‘What I Had Before I Had You’ ‘The Lost Sisterhood’ ‘Redeployment’

What to read this week

for The Brooklyn Paper
Share on TwitterTweet
Share on Facebook

Don’t miss our updates:

WORD’s pick: “What I Had Before I Had You” by Sarah Cornwell

I was truly impressed with Cornwell’s debut, which centers on a mother and a daughter and the ways that mental illness has had an impact on them through generations. As you’re reading, you’re enthralled by the story and the characters and the Jersey Shore in the summer, and sprinkled throughout are these wonderful sentences that make you stop — simple yet resonant like the clear ping of crystal stemware. It reminded me a bit of Simon Van Booy, and I don’t think I’ve seen as strong and solid of a debut since Emily St. John Mandel.

— Emily Pullen, WORD [126 Franklin St. at Milton Street in Greenpoint, (718) 383–0096,].

The BookMark Shoppe’s pick: “The Lost Sisterhood” by Anne Fortier

Two stories are woven together brilliantly in this modern day retelling of a mythical band of women warriors — legend has called them Amazons. Diana Morgan, an Oxford academic, has always been fascinated with Amazonian tales since her troubled grandmother recounted these fabled adventures to her as a child. Now a mysterious foundation has asked for her help in translating inscriptions unearthed in the Sahara. A parallel story takes readers on a journey about the first Amazon queen, Myrina, and her story of love, loss, and redemption. Separated by thousands of years, this fast-paced adventure takes readers from England to North Africa, the coastline of Greece to the ruins of Ancient Troy. “The Lost Sisterhood” is a spellbinding read showing how fate, one way or another, catches up with us all.

— Bina Valenzano, co-owner, The BookMark Shoppe [8415 Third Ave. between 84th and 85th streets in Bay Ridge, (718) 833–5115,].

Greenlight Bookstore’s pick: “Redeployment” by Phil Klay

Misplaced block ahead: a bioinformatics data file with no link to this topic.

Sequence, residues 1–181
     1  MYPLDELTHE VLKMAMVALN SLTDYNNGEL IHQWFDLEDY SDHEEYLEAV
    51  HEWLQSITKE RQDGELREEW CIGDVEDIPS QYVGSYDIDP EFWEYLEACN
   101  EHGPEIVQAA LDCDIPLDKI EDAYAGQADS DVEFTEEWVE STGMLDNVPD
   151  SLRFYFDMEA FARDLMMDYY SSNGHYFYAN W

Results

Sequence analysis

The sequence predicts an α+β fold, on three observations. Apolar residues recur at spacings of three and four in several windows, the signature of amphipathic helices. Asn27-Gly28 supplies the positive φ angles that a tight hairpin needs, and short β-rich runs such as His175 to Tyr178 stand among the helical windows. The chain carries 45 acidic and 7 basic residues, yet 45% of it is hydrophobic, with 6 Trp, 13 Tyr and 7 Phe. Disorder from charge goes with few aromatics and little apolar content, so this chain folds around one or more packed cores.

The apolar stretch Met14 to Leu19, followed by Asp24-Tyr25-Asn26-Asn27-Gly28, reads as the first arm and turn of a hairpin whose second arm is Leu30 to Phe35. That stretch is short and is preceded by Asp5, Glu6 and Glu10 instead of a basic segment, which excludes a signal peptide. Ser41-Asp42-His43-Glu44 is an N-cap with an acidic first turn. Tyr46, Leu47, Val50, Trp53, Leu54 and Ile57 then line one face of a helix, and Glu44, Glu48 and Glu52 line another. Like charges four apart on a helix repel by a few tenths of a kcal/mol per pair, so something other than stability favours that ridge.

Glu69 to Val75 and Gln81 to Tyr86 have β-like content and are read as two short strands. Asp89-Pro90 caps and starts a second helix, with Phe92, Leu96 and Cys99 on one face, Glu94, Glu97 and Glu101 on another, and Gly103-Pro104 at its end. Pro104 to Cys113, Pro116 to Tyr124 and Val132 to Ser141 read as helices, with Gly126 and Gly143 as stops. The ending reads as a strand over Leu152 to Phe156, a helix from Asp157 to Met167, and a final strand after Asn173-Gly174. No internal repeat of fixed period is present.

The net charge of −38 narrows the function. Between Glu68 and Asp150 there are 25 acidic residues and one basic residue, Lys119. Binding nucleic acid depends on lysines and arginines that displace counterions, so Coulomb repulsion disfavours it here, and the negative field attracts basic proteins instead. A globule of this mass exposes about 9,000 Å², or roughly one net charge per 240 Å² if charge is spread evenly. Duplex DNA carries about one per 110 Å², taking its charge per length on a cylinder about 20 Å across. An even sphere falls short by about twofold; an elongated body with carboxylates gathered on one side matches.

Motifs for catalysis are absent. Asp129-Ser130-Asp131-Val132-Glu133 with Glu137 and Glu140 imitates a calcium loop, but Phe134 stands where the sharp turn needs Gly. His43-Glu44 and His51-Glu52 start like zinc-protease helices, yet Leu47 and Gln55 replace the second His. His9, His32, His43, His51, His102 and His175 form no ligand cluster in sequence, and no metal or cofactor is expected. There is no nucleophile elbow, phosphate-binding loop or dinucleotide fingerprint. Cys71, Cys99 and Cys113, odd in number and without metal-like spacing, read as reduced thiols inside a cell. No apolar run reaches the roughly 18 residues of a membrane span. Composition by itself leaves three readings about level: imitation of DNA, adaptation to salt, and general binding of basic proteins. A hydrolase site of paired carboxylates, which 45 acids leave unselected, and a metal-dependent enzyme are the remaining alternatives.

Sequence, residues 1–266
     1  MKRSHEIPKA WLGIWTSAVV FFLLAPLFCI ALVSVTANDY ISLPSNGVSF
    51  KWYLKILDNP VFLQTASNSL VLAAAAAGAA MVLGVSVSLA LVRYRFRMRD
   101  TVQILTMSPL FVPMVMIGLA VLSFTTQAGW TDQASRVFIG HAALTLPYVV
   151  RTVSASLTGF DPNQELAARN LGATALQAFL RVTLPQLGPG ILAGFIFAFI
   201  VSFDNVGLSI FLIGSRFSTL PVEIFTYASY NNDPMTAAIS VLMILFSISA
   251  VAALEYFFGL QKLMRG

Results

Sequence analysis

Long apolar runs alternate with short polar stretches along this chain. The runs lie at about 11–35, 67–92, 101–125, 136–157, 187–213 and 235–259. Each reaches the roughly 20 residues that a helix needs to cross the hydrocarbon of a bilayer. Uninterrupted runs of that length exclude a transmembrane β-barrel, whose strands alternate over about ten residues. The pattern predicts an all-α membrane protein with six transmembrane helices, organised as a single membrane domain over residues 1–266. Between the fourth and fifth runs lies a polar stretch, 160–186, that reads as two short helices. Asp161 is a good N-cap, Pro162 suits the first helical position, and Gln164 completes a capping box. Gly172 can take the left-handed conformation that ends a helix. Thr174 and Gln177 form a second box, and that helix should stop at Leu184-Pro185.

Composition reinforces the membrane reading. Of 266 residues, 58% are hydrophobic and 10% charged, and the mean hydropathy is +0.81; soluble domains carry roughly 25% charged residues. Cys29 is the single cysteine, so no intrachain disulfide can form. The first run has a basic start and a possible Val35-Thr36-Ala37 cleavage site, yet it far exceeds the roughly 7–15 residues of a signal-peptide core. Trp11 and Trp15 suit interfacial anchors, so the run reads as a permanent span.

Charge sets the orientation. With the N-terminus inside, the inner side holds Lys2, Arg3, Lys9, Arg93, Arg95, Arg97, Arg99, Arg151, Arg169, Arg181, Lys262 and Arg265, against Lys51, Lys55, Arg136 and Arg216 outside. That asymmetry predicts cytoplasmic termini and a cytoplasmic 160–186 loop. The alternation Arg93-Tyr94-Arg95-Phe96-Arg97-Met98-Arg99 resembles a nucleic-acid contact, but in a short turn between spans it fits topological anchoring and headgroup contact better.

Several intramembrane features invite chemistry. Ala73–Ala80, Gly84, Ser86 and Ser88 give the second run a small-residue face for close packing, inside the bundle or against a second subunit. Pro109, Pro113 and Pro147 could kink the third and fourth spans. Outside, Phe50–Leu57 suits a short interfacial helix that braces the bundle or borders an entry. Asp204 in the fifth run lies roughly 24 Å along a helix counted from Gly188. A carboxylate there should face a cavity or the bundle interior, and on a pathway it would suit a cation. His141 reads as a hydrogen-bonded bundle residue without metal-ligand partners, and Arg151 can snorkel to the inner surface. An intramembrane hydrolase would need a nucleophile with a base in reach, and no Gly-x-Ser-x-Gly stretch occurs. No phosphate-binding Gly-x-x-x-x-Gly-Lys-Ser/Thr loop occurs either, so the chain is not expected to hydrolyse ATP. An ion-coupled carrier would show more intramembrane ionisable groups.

Move over Tim O’Brien, there is a new guy in town. Phil Klay writes powerfully, clearly, and humanely about contemporary war from the individual soldier’s perspective. Each short story in this taut collection comes at the Iraq War from a slightly different emotional angle — leading up to war, preparing for war, being in the midst of war, returning to war, how relationships suffer as a result of war, and the long-lasting after affects of war and trauma. This book is a must-read and if we have our way, it will win at least one major award this year!

— Rebecca Fitting, Greenlight Bookstore [686 Fulton St. between S. Elliott Place and S. Portland Avenue in Fort Greene, (718) 246–0200,].

Updated 10:17 pm, July 9, 2018
Today’s news:
Share on TwitterTweet
Share on Facebook

Don’t miss our updates:

Reasonable discourse

Comments closed.

First name
Last name
Your neighborhood
Email address
Daytime phone

Your letter must be signed and include all of the information requested above. (Only your name and neighborhood are published with the letter.) Letters should be as brief as possible; while they may discuss any topic of interest to our readers, priority will be given to letters that relate to stories covered by The Brooklyn Paper.

Letters will be edited at the sole discretion of the editor, may be published in whole or part in any media, and upon publication become the property of The Brooklyn Paper. The earlier in the week you send your letter, the better.

Keep it local!

Stay in touch with your community. Subscribe to our free newsletter: